The impact of the Covid-19 virus has had a significant effect on how council services have operated throughout the last five months. The council's Recovery and Renewal Plan sets out the measures the council will implement to get all services on the road to recovery and in line with national guidance.
Whilst some services have been temporarily withdrawn or reduced to comply with physical distancing guidelines, the majority of the council's essential services have continued to operate with staff finding new ways to work and communicate, and to support our communities.
Many services continued to deliver essential services, such as key worker hubs for children, social care, waste services and emergency housing repairs.
Council Services have been reviewing current service delivery to determine the timing of reintroduction of service activities, but at the same time have taken the opportunity to reassess the service and customer experience of the last five months in order to determine if the service will be reset to the pre Covid-19 position or if alternative service arrangements that have been introduced, provide an opportunity to review and revise the service going forward, for example, using more digital platforms to deliver local services.
Leader of West Lothian Council Lawrence Fitzpatrick said:
"The outbreak of the virus has been the biggest public health emergency the UK has faced in a generation. The lockdown restrictions on the ability of people to meet, travel and attend the workplace has been hugely significant.
"The majority of council services managed to find new ways to work and maintain service delivery. However like everyone else the council has had to adapt and change throughout the past five months and it is important that our recovery is carried out in a planned and managed way to ensure that our actions are in line with the guidance provided.
"The council has been able to provide these services through the flexibility and adaptability of the workforce. Large numbers of employees have undertaken alternative duties in social care, education hubs, meal provision and pharmacy deliveries, and contacting with people who are shielded.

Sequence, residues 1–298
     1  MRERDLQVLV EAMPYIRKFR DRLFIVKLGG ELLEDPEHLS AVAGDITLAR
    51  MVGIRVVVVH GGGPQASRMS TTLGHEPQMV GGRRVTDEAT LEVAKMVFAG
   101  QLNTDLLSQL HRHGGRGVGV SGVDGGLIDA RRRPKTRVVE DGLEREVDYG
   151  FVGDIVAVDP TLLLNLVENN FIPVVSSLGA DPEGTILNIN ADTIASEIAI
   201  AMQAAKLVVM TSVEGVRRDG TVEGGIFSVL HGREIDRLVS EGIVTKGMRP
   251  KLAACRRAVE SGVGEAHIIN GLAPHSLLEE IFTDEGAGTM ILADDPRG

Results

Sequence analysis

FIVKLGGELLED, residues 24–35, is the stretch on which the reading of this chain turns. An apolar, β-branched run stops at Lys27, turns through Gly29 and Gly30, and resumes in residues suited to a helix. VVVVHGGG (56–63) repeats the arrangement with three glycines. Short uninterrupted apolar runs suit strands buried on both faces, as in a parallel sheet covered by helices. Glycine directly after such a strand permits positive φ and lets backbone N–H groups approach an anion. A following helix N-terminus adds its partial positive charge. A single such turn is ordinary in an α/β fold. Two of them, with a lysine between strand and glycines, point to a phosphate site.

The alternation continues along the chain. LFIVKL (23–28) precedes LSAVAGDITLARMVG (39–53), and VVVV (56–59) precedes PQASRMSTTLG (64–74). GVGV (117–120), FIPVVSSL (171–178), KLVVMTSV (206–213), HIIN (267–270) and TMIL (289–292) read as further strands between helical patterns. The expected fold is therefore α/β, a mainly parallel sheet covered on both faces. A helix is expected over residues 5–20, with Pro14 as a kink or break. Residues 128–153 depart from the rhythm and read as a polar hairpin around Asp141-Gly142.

"The efforts of council staff has been exemplary. Some teams have delivered essential services in the most difficult of circumstances."
Throughout the Covid-19 lockdown period the council has:
- Prioritised essential services such as careline, social care, care at home, waste collections, social work, essential housing repairs and care for vulnerable people;
- Provided key worker school hubs to support critical workers responding to the Covid-19 emergency
- Processed 2,275 grants totalling nearly £26 million Business Support Grants
- Provided free school meals to over 3,000 children daily;
- Provided additional financial support of £10 per week to over 5,500 children who are entitled to free school meals;
- Provided financial support to local businesses, charities and community groups through the Third Sector Resilience Fund and the Third Sector Hardship Fund
- Provided support to over 5,600 individuals who are at the highest risk of illness from Covid-19 and were asked to follow shielding measures;
- Provided support through the West Lothian Food Fund, to those most in need, who are experiencing barriers to access food
West Lothian Council's Chief Executive Graham Hope added: "Our plan sets out the measures the council will now put in place in order to start the recovery of council services in line with Scotland's gradual easing of lockdown restrictions. Service plans are based on the latest published national guidelines but will remain under regular review in order that they can adapt to changing guidance and advice. It is important that we reflect to determine if there are alternative ways to work going forward that will allow us to deliver services more effectively and that will be part of our work."
As a result of Covid-19, the council faces a net revenue budget pressure of approximately £4.334 million in 2020/21, and council officers continue to engage with Scottish Government and COSLA around further government funding to fund the significant additional costs being incurred by the council.